Miraculously no one was killed in the event. [GCAPTAIN]

Strictly Hype: DAILY BEAST on The Dutch Girls

The DAILY BEAST in it’s much-hyped third installment of “The Lost Dutch Girls” added nothing new to the story but just milked what was already known about the disappearance believed to be accidental but ripe with opportunity to continue to pound the “mystery.”  The DAILY BEAST hyped the best-selling author … “whose next novel, The Bone Collection, will be out November 1, 2016” … Dr. Kathy Reichs—world-famous forensic anthropologist, best-selling author and creator of the popular TV show “Bones”—also agreed to weigh-in on the case.

Like the other forensics experts consulted, Reichs also considers foul play unlikely:

“In my opinion accidental death is the most probable considering all the factors and findings,” says Reichs, in an email to The Daily Beast. She goes on to clear up several other formerly puzzling questions related to the case.
For example, critics of the official “accident scenario” have pointed to inconsistencies in the rate of decay reported for the found remains, such as a fragment of Kris’s rib showing signs of “bleaching”—while a flap of Lisanne’s skin survived intact.

Reichs does not find this extraordinary.

“A rainforest habitat means many micro-environments,” she explains. “Decomposition can occur quite rapidly in some [micro-environments],” but due to factors like variance in river current, flora growing on the banks, and transport by scavengers, “preservation or decomposition of various body parts can occur at a different rates.”

Exposed regions on sandbars or along the banks also receive more sunlight, which could account for the observed bone bleaching after the soft tissue is sloughed off.”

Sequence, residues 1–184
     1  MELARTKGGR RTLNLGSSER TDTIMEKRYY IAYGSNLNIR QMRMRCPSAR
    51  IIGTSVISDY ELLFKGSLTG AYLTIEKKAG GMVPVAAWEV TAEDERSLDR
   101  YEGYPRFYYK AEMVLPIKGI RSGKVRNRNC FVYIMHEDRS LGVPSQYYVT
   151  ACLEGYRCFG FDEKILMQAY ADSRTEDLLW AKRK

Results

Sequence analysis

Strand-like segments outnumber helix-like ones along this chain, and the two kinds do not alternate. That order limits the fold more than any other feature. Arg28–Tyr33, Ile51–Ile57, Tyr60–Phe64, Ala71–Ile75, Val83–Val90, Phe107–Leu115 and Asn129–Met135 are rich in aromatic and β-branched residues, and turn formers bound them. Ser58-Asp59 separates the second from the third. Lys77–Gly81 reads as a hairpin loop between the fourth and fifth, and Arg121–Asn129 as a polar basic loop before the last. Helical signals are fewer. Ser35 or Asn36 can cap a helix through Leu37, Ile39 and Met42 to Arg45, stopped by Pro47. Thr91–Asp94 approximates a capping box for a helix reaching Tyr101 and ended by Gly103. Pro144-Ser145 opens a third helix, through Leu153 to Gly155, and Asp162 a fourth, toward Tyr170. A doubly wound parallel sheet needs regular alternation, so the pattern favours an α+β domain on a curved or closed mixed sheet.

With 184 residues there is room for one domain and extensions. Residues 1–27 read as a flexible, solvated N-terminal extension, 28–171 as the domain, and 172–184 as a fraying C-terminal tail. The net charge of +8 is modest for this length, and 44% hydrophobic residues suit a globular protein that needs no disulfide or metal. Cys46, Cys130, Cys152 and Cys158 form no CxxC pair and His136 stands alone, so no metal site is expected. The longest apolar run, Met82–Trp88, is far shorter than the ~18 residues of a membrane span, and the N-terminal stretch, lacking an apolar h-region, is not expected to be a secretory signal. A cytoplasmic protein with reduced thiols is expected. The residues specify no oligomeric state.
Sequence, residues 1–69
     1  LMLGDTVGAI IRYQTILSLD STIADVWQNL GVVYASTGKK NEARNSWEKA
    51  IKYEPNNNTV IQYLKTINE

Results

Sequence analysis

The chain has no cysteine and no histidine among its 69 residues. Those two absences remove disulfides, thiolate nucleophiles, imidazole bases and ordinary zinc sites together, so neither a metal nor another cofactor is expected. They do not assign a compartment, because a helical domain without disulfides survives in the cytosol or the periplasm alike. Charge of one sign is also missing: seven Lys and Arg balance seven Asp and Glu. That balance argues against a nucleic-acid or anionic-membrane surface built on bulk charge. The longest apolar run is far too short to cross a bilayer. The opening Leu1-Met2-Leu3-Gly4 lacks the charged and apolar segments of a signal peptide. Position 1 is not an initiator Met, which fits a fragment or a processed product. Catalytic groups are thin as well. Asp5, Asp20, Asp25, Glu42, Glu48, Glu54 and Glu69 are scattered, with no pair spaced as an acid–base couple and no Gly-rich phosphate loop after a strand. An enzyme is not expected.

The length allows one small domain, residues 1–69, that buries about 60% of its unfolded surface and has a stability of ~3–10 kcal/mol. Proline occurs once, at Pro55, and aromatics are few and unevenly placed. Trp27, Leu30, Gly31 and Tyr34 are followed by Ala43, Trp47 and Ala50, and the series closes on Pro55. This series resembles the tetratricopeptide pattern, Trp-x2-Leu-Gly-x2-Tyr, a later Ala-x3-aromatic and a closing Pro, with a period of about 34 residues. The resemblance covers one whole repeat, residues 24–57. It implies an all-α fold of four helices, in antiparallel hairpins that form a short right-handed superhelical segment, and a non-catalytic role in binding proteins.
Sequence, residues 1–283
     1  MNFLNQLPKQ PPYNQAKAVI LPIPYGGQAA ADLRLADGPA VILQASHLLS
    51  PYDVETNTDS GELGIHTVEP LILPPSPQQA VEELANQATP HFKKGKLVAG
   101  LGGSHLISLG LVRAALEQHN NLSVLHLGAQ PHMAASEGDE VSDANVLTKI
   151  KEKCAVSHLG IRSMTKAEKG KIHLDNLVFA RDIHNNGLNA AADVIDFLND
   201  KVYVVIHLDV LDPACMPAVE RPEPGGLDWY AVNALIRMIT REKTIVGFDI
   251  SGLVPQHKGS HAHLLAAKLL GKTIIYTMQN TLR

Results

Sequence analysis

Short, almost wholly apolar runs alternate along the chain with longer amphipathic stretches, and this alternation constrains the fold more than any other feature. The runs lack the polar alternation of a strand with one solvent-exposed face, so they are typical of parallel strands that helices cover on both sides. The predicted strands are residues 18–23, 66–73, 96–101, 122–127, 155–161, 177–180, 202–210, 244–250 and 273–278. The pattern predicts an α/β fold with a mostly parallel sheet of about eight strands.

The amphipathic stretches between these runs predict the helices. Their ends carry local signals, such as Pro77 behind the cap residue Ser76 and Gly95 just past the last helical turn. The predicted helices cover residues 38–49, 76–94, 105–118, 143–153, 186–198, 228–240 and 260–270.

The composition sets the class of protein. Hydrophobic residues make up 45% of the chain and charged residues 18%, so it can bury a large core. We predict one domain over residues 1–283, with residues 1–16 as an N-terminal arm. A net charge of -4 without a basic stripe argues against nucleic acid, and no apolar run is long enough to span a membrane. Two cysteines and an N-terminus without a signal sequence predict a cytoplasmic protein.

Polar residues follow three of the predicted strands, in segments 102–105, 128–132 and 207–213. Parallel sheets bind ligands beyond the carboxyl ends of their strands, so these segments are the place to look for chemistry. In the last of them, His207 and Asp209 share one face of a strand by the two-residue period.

The extreme fragmentation of the remains doesn’t surprise Reichs either.

“With bodies decomposing in water, dismemberment follows typical patterns with the head and limbs detaching first,” says Reichs.  “Further damage from animal scavenging can be very diverse due to multiple transport modes: avian, fish, turtle, crab, small and large carnivores, etcetera,” she says.

Despite confidence in her conclusions, Dr. Reichs says some forensic mysteries surrounding the case do still warrant further investigation—such as the fact that Panama’s national coroner reported that he failed to detect any abrasions or trauma during a microscopic examination of the remains.
“I would expect to see damage due to animal scavenging,” says Reichs, but she also raises a powerful point that might trump such minor anomalies:

“Why would any criminal or criminals “leave cash, a passport, and electronics in the back pack?”

The biggest contribution of THE DAILY BEAST to the “mystery” seems to be their astute observation, with which they lead the article, that “Posted high in the cloud forests that surround the still-active Baru volcano, the [warning] marker is hard to miss. But the sign also lists sharply to one side—as if this remote warning had been slapped together in a rush.”

Dah!

Can we please let these poor kids rest in peace?